When is someone vulnerable at the time of signing a prenuptial agreement?

There has been a huge increase in the allegation of coercive and controlling behaviour in family cases. This behaviour is now capable of being a criminal offence. It has been incorporated into a wider statutory civil law definition of domestic abuse.

In Traharne v Limb (2022) the High Court had to deal with coercive and controlling behaviour in a financial case on divorce. The parties had signed a prenuptial agreement.

Prenuptial and postnuptial agreements are not binding in English law. But they will usually be persuasive in holding the financial award down in most cases. There has to be unfairness to persuade the court to move away from the agreement.

The court will not give agreements any weight where there is evidence of fraud, a mispresentation of facts, or other improper conduct. A party’s emotional state and vulnerability prior to signing the agreement might be relevant.

The judge said in Traharne: “Coercive and controlling behaviour would plainly be an example of undue pressure, exploitation of a dominant position or of relevant conduct. It would be part of all the circumstances as they affect the two parties in the complex relationship of marriage”.

The wife claimed that she was subjected to coercive and controlling behaviour by the husband, which included verbal abuse and threats of physical violence. She also said the agreement was unfair because it did not meet her financial needs for the future.

The husband denied the behaviour and said his wife entered into the agreement freely.

The judge found there had been no evidence of abuse at the time of signing the agreement that would have affected the wife’s state of mind. Indeed, she had actively wanted the agreement. But he did find that the agreement did not provide adequately for the wife’s future financial needs.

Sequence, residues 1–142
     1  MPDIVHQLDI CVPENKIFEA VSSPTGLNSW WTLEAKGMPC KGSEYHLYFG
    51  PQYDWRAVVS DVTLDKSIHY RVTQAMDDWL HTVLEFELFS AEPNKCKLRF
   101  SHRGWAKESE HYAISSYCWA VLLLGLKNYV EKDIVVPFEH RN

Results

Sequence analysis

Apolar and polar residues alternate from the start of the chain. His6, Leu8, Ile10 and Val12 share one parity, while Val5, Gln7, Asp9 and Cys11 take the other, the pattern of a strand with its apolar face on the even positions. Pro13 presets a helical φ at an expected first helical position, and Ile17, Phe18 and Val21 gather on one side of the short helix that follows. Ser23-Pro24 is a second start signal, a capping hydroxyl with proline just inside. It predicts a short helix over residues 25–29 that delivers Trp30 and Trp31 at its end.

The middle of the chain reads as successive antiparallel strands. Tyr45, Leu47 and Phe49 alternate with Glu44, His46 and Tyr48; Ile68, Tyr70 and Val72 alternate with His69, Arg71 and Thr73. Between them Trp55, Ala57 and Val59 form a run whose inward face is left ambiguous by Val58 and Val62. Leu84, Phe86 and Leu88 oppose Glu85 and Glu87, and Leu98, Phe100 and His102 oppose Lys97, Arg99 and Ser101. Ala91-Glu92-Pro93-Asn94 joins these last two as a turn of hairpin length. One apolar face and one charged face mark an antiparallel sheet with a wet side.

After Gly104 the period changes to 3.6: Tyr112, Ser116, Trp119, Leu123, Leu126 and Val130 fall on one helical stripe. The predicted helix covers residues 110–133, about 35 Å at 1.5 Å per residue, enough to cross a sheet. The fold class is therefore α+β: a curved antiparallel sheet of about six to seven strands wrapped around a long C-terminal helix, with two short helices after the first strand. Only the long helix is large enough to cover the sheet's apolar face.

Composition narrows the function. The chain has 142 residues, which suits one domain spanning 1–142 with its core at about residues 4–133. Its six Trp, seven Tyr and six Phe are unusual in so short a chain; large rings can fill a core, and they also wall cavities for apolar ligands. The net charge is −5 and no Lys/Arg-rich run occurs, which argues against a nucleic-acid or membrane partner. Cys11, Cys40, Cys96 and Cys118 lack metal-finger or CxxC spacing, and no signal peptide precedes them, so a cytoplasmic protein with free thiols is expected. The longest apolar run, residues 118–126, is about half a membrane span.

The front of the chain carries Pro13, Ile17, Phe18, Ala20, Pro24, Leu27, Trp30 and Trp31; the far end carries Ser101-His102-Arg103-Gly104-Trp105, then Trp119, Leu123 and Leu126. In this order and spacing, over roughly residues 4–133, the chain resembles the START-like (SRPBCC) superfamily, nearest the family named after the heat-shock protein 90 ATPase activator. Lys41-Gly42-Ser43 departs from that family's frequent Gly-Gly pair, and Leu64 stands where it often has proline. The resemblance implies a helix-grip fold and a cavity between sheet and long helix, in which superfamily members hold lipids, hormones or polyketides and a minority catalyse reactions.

In a slightly different context, in TC v MC (another 2022 case) the husband signed a postnuptial agreement many years into the marriage. His wife wanted it as a condition of the marriage continuing. He was suffering from Parkinsons. He was in a low mental state but not vulnerable in a formal legal sense. He signed away many of the financial rights that would have crystalised on divorce – agreeing to receive only 20% of the family assets in the event of divorce. By the time of separation and the financial remedies trial he was so unwell he had to conduct the case through a litigation friend. He had serious needs for housing and care. His life expectancy was limited.

The judge cast aside the postnuptial agreement because it did not meet the husband’s needs. He awarded him half of the family assets – around £2.5 million.

Overall then, coercive and controlling behaviour is capable of being a relevant factor when assessing what weight should be attached to a nuptial agreement. But it must be pleaded carefully as the first case shows. Both cases show that judges are alive to arguments of financial need. They will reduce or even ignore the effect of a pre or postnuptial agreement where fairness requires this.